Thirkleby medieval settlement adjacent to Thirkleby Manor


Heritage Category:
Scheduled Monument
List Entry Number:
Date first listed:


Ordnance survey map of Thirkleby medieval settlement adjacent to Thirkleby Manor
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The building or site itself may lie within the boundary of more than one authority.

North Yorkshire
Ryedale (District Authority)
Kirby Grindalythe
National Grid Reference:
SE 92011 68575

Reasons for Designation

Medieval rural settlements in England were marked by great regional diversity in form, size and type, and the protection of their archaeological remains needs to take these differences into account. To do this, England has been divided into three broad Provinces on the basis of each area's distinctive mixture of nucleated and dispersed settlements. These can be further divided into sub-Provinces and local regions, possessing characteristics which have gradually evolved during the last 1500 years or more. The Yorkshire Wolds local region is a soft, rolling, chalk landscape with deep valleys. Dispersed farmsteads, usually impressive creations of the late 18th and 19th centuries, are present in small numbers. The earlier pattern of medieval nucleated settlements - villages and hamlets - still dominates the archaeological landscape as either deserted settlement sites or sites still occupied by rural communities.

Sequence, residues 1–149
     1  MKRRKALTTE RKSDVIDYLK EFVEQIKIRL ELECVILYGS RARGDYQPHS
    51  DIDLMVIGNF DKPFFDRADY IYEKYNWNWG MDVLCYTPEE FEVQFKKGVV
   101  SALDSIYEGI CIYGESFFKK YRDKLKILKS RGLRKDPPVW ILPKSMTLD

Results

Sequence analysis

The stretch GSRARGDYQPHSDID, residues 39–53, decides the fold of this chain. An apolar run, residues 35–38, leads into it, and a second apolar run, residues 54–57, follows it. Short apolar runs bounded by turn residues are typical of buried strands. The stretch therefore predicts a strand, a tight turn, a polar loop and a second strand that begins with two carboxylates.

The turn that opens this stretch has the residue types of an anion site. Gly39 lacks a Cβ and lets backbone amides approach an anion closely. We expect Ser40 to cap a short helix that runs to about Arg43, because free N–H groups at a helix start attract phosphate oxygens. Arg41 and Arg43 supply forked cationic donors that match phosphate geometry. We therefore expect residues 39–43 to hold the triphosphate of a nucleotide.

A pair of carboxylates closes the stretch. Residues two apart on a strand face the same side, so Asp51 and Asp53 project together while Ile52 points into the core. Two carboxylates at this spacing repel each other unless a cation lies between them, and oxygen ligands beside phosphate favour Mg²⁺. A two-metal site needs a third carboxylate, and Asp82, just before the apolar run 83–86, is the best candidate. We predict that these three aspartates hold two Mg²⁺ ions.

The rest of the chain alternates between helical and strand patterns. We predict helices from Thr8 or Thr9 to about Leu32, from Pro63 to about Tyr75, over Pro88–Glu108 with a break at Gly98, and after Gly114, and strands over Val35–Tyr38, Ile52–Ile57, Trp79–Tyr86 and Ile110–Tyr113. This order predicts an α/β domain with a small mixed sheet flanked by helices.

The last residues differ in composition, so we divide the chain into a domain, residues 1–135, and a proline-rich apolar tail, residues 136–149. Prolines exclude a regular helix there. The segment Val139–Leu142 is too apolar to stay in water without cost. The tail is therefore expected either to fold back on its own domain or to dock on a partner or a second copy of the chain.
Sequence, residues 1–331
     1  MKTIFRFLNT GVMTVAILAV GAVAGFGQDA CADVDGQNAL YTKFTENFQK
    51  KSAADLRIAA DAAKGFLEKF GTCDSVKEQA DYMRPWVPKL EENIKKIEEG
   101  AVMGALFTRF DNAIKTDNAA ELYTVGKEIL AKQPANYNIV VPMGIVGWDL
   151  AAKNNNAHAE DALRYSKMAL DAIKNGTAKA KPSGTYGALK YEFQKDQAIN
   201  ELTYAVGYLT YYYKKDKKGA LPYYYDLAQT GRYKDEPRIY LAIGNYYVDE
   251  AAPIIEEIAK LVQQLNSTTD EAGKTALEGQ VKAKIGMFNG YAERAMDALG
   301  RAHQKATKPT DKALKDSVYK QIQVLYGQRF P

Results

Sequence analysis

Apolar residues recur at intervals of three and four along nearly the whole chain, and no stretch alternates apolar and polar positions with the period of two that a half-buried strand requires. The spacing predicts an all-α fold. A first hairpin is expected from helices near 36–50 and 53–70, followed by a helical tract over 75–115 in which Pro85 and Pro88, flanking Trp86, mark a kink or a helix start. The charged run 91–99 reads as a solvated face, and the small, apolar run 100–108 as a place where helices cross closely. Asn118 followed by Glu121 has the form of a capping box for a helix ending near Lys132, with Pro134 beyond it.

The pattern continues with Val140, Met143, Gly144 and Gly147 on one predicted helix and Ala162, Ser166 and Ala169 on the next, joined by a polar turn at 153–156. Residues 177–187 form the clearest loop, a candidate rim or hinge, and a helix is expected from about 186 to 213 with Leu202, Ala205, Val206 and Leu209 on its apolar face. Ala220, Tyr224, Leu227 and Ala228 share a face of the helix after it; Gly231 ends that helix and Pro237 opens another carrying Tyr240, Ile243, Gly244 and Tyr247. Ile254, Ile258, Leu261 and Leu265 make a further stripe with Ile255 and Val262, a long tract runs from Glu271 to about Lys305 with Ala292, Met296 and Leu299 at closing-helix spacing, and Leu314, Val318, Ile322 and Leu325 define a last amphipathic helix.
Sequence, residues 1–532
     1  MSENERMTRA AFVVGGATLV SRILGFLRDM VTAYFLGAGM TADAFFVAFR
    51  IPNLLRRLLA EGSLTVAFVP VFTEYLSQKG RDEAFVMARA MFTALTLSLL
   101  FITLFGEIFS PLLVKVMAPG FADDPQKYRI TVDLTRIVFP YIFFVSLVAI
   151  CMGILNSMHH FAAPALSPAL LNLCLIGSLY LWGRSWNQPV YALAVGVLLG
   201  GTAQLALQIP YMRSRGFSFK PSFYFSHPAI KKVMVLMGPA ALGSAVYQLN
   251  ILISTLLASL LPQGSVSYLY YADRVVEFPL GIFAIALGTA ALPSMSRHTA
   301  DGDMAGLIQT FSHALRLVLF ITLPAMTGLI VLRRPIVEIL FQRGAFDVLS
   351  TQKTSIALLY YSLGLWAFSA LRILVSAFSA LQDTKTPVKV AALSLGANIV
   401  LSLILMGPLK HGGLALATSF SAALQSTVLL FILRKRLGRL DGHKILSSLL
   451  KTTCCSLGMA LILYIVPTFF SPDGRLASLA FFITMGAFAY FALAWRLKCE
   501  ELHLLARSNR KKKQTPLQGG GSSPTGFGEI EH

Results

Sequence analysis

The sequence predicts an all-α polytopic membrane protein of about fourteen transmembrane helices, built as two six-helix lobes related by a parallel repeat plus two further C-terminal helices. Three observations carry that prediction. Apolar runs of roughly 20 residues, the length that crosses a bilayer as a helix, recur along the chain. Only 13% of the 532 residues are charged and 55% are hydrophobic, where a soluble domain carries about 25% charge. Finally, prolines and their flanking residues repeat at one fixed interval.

Medieval villages were organised agricultural communities, generally sited at the centre of a parish or township, that shared resources such as arable land, meadow and woodland. Village plans varied enormously, but where they survive as earthworks, their most distinguishing features include roads and minor tracks, platforms on which stood houses and other buildings such as barns, enclosed crofts and paddocks. They frequently included the parish church within their boundaries, and as part of the manorial system, most villages included one or more manorial centres which may also survive as visible remains as well as below ground deposits. In the Central Province of England, villages were the most distinctive aspect of medieval life, and their archaeological remains are one of the most important sources of understanding about rural life in the five or more centuries following the Norman Conquest. Around 4000 parochial chapels were built between the 12th and 17th centuries as subsidiary places of worship for the convenience of parishioners who lived at a distance from the main parish church or as private places of worship for the manorial lord. Some chapels possess burial grounds. Unlike parish churches, the majority of which remain in ecclesiastical use, chapels were often abandoned as their communities and supporting finances declined. The sites of abandoned chapels are particularly worthy of statutory protection as they were often left largely undisturbed and thus retain important information about the nature and date of their use until their abandonment. The remains of the medieval settlement of Thirkleby are well preserved and include a wide range of features, including the courtyard farmstead and the chapel. The village settlement was occupied over several hundred years and demonstrates changing agricultural practise over time, for example, with the development of the courtyard farm around the 15th century. This probably indicates an increased emphasis on stockbreeding at this time. The monument's importance is heightened by its group value with other surviving settlement remains further up the valley at Kirby Grindalythe and to the east of Duggleby. Along with the upstanding earthworks, the monument will also retain buried medieval remains such as rubbish pits, post holes and scatters of material which will not necessarily show as upstanding earthworks, but will retain a wealth of archaeological information.